The actual authorization checks occur by executing an IAuthorizationRule rule object. CSLA provides the AuthorizationRule base class to make it easy to implement most rules, and includes IsInRole and IsNotInRole rules. For example, here’s the IsInRole rule:

/// <summary>
/// IsInRole authorization rule.
/// </summary>
public class IsInRole : AuthorizationRule
  private List<string> _roles;

  /// <summary>
  /// Creates an instance of the rule.
  /// </summary>
  /// <param name="action">Action this rule will enforce.</param>
  /// <param name="roles">List of allowed roles.</param>
  public IsInRole(AuthorizationActions action, List<string> roles)
    : base(action)
    _roles = roles;

  /// <summary>
  /// Creates an instance of the rule.
  /// </summary>
  /// <param name="action">Action this rule will enforce.</param>
  /// <param name="element">Member to be authorized.</param>
  /// <param name="roles">List of allowed roles.</param>
  public IsInRole(AuthorizationActions action, Csla.Core.IMemberInfo element, List<string> roles)
    : base(action, element)
    _roles = roles;

  /// <summary>
  /// Rule implementation.
  /// </summary>
  /// <param name="context">Rule context.</param>
  protected override void Execute(AuthorizationContext context)
    if (_roles.Count > 0)
      foreach (var item in _roles)
        if (Csla.ApplicationContext.User.IsInRole(item))
          context.HasPermission = true;
      context.HasPermission = true;

At its most basic a rule is composed of some simple items:

  • An action (read/write property, execute method, create/get/edit/delete type/instance)
  • An optional target element (property/method)
  • An Execute() method that actually implements the rule

If your rule needs more information that’s fine – it is your class, so you can just add more properties. Just remember that a rule object is used across all instances of a business object type, so (just like with other business rules) the Execute() method absolutely must not change instance-level state in the rule object.

The Execute() method is passed a context object. The context object contains some simple properties:

  1. Target (optional reference to business object)
  2. HasPermission (true/false result returned by rule)

The Target property may be null. For per-property rules it will not be null, and for per-instance rules it will not be null. But for per-type rules it will be null. The way CSLA itself (especially the data portal) invokes rules is always per-property or per-type. The thing is, when possible even the per-type checks include the Target reference (typically only for CanEditObject checks). So you can use it if it is there, but you need to handle the case where it is null.

But the real point here, is that you can write your own authorization rule that has nothing to do with roles. You could use permissions, claims, random numbers – whatever you want to use to decide whether the user can or can’t perform the requested action.

Authorization rules are added in the AddBusinessRules() override in your business class – just like other business rules:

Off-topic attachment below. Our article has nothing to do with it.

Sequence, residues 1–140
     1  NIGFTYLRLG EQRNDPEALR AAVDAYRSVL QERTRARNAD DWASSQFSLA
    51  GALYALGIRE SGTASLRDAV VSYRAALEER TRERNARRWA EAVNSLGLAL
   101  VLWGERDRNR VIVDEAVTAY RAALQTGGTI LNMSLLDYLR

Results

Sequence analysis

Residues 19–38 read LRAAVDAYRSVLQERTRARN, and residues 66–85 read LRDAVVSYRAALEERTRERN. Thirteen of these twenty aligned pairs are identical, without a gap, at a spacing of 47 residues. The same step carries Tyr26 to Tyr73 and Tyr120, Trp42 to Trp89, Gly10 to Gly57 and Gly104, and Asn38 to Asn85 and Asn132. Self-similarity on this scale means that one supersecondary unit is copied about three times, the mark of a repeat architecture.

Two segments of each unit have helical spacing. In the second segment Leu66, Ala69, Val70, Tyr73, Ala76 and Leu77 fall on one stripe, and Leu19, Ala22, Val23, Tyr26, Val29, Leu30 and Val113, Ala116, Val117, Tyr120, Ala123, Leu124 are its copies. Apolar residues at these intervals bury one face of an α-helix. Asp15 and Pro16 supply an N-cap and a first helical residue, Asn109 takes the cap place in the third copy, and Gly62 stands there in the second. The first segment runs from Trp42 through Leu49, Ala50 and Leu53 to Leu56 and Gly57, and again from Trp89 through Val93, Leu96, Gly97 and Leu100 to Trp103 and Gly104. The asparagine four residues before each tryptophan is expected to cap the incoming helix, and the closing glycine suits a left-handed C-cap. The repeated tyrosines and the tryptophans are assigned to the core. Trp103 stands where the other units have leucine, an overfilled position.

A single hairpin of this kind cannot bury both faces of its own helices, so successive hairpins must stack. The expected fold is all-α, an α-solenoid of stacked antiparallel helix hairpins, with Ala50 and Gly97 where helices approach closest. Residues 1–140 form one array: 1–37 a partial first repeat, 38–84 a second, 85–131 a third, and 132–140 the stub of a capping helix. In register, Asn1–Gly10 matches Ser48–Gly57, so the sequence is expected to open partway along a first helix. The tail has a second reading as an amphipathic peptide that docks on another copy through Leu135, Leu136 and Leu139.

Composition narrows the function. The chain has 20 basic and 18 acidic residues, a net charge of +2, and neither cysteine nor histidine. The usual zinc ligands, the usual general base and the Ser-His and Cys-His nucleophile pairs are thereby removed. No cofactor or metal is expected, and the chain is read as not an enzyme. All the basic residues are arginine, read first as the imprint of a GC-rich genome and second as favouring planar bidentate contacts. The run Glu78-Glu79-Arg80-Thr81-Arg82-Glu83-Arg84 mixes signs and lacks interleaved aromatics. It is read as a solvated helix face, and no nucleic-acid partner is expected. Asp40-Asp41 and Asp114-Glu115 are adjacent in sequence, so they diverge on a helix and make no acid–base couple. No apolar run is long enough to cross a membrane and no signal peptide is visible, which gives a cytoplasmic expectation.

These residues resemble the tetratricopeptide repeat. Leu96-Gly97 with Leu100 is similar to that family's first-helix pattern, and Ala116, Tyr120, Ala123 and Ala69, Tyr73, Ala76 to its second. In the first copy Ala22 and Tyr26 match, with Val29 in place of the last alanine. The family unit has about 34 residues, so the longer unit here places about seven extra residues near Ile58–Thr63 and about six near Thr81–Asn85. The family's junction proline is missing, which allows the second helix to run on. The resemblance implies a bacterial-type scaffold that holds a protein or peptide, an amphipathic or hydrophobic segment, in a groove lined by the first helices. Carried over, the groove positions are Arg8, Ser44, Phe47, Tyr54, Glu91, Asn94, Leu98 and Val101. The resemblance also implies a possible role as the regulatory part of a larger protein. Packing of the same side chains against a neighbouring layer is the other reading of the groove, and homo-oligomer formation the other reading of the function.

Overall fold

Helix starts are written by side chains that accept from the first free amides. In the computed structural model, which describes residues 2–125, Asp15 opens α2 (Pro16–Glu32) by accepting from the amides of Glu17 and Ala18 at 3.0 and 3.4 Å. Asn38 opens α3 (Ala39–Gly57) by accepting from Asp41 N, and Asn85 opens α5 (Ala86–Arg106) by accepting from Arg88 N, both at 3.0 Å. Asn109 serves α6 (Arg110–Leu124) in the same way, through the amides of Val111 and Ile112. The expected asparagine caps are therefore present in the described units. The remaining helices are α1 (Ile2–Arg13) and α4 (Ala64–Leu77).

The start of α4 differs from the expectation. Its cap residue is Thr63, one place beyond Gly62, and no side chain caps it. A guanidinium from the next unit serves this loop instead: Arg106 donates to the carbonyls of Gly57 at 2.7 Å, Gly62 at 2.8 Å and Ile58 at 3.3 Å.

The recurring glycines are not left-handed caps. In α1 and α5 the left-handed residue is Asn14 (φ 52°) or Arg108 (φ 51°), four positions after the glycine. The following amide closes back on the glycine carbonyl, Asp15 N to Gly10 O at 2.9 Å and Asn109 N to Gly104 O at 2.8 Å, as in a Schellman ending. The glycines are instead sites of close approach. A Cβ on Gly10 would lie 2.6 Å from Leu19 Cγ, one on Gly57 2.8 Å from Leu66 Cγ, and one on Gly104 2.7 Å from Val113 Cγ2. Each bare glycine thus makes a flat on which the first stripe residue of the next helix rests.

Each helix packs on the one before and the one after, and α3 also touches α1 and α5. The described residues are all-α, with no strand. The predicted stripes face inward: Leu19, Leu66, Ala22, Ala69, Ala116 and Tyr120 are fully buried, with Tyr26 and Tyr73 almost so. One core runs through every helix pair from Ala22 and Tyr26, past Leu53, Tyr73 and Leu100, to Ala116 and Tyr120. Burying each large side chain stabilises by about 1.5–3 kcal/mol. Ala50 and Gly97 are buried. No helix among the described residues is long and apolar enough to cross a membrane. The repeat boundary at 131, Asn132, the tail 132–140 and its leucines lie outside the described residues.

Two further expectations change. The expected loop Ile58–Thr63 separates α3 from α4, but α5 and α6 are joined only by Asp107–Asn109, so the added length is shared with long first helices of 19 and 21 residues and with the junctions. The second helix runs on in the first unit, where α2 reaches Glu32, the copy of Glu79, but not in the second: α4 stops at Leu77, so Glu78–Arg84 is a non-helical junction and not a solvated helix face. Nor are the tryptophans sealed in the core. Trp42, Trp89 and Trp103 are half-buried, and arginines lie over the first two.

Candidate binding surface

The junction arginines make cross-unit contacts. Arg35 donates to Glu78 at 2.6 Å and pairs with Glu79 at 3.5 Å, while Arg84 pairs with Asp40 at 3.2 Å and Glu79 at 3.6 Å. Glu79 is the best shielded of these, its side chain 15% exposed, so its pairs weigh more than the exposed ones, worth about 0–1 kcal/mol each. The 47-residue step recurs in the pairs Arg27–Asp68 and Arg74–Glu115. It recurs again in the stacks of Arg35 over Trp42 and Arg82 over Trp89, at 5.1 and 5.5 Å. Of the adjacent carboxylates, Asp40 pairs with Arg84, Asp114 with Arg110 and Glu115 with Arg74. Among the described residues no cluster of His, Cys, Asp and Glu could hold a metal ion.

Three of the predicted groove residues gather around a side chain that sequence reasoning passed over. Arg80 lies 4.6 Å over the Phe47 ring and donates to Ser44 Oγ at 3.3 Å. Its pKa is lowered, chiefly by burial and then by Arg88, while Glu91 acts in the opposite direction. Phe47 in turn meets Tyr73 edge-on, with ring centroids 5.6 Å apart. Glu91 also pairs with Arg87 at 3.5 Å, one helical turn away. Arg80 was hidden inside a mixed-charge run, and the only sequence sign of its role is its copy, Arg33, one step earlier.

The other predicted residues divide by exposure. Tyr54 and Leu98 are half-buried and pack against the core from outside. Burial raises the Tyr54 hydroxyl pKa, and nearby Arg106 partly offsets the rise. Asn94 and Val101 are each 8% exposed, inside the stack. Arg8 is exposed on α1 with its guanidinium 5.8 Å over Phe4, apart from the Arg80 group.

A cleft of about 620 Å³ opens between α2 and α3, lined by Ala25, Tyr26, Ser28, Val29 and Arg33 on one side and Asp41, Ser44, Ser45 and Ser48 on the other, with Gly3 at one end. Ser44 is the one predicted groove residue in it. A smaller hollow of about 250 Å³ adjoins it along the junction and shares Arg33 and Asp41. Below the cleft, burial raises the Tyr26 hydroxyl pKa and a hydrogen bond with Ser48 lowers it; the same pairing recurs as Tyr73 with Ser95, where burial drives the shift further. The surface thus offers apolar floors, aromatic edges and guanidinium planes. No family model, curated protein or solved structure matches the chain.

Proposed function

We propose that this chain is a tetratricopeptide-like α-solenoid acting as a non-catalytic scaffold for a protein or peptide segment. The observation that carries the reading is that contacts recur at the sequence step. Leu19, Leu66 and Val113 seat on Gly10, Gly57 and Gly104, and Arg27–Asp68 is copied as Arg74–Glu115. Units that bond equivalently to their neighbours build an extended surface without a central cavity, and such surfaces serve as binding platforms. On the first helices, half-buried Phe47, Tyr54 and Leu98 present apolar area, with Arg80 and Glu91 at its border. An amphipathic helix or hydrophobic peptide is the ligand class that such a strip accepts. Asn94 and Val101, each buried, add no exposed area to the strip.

protected override void AddBusinessRules()
  BusinessRules.AddRule(new IsInRole(
    new List<string> { “Administrator” });

The rule set concept from other business rules applies here too – so you can have different authorization rules for different users/contexts/etc.

Finally, you can invoke rules as follows:

// per-type
bool result = Csla.Rules.BusinessRules.HasPermission(
  AuthorizationActions.CreateObject, typeof(Customer));
// per-instance
bool result = Csla.Rules.BusinessRules.HasPermission(
  AuthorizationActions.EditObject, _myCustomer);

The existing IAuthorizeReadWrite interface continues to operate as in 3.x, so you can use that to invoke CanReadProperty/CanWriteProperty/CanExecuteMethod as before.

Friday, April 23, 2010 11:07:27 PM (Central Standard Time, UTC-06:00)  #    Disclaimer
 Monday, April 19, 2010

Jason Bock just blogged with some interesting work he’s been doing around custom code analysis rules for CSLA 4:

Using Custom CodeAnalysis Rules in Your CSLA Projects

Monday, April 19, 2010 9:34:11 AM (Central Standard Time, UTC-06:00)  #    Disclaimer

I have put the demos from my Visual Studio 2010 launch talks online:

BasicVM and LiveDemo are literally the code I created on stage, so they are nothing to look at and probably have little value if you weren’t at the talks. The other demos are more complete and may be useful – especially UsingBxf, which shows some interesting UI proto-framework concepts in a pretty straightforward manner.


Demo created on stage to illustrate the most basic MVVM concepts.


Demo/prototype of a knowledge base/forum application that makes use of a pre-release version of CSLA 4, MVVM and other Silverlight concepts. It is a 3-tier physical deployment (Silverlight client, web/app server, SQL Server database) architecture using many CSLA .NET concepts.

This code uses the Bxf (“Basic XAML Framework”) to implement its shell and viewmodel code in a way that can be unit tested.

This project has a dependency on a pre-release version of CSLA 4.


Demo created on stage to illustrate the basic use of the Visual Studio 2010 XAML designer.


Demo showing simple use of the “Basic XAML Framework” (Bxf) in WPF. The same Bxf code works in Silverlight as well. The Bxf code and this demo show how to implement a basic UI shell that shows content and a status bar. For more advanced uses of Bxf see the Collective demo.

This project has a dependency on a pre-release version of CSLA 4.


Demo showing some concepts and implementation around MVVM.


Demo showing some concepts and implementation around MVVM.

Monday, April 19, 2010 8:59:44 AM (Central Standard Time, UTC-06:00)  #    Disclaimer

Here’s a link to an article I wrote on using code-gen vs building a more dynamic runtime:

Update: There doesn't appear to be a code download on the Microsoft site. Click here to download the code.

Sunday, April 18, 2010 11:30:24 PM (Central Standard Time, UTC-06:00)  #    Disclaimer